Matrix square root using singular value decomposition (svd).

1 | ```
matrix.sqrt(A)
``` |

`A` |
A symmetric, positive definite matrix of size |

Using svd, the matrix A can be written as $$ A = U S V^T, $$ where

$U$ is called the left-singular vectors of $A$, which corresponds to the eigenvectors of $AA^T$,

$S$ has entries $S_i,j$ which are the singular values of $A$,

$V$ is called the right-singular vectors of $A$, which corresponds to the eigenvectors of $A^T A$.

The non-zero singular values of $A$ are the square roots of the non-zero eignevalues of both $AA^T$ and $A^T A$.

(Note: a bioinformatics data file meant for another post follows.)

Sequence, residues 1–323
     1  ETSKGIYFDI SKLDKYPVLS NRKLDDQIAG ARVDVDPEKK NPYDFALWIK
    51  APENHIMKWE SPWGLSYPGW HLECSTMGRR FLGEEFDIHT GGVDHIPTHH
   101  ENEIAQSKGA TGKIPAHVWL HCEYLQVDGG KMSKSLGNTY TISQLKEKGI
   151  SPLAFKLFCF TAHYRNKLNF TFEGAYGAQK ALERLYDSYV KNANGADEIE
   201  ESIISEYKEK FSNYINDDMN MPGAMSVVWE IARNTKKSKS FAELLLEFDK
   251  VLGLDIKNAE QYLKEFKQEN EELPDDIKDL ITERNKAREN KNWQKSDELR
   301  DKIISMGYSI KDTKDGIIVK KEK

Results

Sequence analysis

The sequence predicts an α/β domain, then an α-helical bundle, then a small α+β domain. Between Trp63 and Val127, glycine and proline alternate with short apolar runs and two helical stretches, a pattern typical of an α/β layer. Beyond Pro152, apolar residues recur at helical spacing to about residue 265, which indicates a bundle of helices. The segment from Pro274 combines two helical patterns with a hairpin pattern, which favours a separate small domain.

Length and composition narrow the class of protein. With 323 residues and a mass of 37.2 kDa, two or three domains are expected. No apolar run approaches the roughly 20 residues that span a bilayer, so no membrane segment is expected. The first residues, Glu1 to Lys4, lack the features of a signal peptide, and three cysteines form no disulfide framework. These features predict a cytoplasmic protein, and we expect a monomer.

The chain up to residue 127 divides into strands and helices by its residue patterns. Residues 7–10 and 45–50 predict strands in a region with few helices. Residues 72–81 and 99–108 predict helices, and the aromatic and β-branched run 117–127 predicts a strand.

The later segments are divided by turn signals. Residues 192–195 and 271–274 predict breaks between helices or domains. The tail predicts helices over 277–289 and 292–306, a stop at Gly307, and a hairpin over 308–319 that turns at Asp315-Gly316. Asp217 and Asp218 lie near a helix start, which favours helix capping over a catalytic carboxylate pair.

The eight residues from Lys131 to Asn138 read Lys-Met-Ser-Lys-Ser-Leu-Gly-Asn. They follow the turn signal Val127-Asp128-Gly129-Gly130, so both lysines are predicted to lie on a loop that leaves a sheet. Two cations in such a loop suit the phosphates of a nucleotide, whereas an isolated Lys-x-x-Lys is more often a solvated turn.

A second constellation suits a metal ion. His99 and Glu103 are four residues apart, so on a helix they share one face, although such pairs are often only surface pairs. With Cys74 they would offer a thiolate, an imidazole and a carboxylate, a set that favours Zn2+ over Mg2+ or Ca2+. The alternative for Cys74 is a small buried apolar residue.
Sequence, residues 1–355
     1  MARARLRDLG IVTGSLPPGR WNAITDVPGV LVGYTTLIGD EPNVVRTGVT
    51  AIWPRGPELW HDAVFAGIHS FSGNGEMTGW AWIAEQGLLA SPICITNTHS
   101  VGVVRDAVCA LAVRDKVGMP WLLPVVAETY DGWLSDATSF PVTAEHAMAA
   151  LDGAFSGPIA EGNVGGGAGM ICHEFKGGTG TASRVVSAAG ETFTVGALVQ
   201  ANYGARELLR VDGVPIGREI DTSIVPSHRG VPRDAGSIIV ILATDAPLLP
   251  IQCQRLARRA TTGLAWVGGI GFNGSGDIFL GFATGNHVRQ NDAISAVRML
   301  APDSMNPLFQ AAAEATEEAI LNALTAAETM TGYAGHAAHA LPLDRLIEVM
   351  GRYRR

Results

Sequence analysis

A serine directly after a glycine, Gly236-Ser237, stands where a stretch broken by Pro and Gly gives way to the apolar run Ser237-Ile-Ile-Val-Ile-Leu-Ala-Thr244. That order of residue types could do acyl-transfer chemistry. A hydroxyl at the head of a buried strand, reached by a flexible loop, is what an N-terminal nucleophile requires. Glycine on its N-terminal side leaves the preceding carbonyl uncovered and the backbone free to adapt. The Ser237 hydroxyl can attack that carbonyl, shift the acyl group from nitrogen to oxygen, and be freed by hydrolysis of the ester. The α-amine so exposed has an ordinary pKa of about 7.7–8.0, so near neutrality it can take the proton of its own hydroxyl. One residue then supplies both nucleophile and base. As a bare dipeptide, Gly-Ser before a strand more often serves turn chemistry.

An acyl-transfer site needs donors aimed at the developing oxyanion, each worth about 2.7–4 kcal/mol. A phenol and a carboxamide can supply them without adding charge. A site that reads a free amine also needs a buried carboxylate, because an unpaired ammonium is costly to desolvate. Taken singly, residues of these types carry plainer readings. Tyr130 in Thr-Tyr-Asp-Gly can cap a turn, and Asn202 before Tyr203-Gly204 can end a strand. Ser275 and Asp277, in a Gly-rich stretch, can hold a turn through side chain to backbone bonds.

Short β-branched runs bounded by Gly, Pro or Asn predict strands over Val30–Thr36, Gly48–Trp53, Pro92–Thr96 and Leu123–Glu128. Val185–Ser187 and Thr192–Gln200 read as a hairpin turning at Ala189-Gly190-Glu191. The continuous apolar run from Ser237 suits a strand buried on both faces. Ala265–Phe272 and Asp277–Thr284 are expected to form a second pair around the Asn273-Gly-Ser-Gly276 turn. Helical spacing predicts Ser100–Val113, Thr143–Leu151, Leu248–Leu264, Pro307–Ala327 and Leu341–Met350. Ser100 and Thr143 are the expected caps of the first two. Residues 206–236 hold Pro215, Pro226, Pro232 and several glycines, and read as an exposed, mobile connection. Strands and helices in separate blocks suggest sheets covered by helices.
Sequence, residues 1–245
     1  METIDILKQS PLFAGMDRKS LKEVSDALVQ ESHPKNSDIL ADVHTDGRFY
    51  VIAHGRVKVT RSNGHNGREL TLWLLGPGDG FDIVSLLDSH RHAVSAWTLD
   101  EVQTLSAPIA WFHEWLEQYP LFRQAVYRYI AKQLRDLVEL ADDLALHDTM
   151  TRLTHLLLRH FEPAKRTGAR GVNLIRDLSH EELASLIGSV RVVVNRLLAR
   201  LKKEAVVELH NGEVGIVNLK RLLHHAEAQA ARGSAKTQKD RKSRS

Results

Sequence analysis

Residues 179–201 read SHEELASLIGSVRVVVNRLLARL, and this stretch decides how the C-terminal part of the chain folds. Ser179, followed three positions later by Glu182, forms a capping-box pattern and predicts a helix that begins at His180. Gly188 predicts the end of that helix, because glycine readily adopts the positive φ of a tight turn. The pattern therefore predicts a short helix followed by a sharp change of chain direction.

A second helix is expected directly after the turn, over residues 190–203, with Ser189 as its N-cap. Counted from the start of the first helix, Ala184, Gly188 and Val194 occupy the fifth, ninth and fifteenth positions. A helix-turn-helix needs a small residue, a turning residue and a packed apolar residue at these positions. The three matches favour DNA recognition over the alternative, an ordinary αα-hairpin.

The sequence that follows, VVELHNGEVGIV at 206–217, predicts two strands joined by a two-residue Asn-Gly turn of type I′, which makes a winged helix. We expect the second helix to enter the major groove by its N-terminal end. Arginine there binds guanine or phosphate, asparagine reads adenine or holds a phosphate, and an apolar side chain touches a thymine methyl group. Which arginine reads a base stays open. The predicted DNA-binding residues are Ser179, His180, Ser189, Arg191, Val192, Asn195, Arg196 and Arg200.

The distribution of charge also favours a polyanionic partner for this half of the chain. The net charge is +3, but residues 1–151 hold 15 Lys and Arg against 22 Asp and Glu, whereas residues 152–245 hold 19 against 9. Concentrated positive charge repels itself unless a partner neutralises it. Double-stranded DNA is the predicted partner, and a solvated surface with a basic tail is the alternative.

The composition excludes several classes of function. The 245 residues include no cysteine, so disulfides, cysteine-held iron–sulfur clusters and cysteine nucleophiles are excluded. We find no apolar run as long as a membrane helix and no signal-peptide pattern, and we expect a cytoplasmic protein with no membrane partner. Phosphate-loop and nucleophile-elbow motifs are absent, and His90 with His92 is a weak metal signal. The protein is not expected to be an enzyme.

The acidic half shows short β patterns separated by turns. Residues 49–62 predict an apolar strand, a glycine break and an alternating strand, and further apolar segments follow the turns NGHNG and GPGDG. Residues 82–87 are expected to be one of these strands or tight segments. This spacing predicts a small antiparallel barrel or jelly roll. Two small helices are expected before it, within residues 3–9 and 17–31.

Due to the symmetry and positive definiteness of $A$, without loss of generality we can set $U=V$.
Thus $A = V S V^T$, and the columns of $V$ are eignevectors of $A$ with $j-th$ eignevalue begin $s_j$.
Define
$$ S^1/2 = diag((s_1^1/2,...,s_p^1/2)) $$
and hence we have
$$ B = V S^1/2 V^T $$, a symmetric *n x n* matrix such that $A = BB$.

Return a *n x n* matrix.

Simone Padoan, simone.padoan@unibocconi.it, http://faculty.unibocconi.it/simonepadoan/; Boris Beranger, borisberanger@gmail.com

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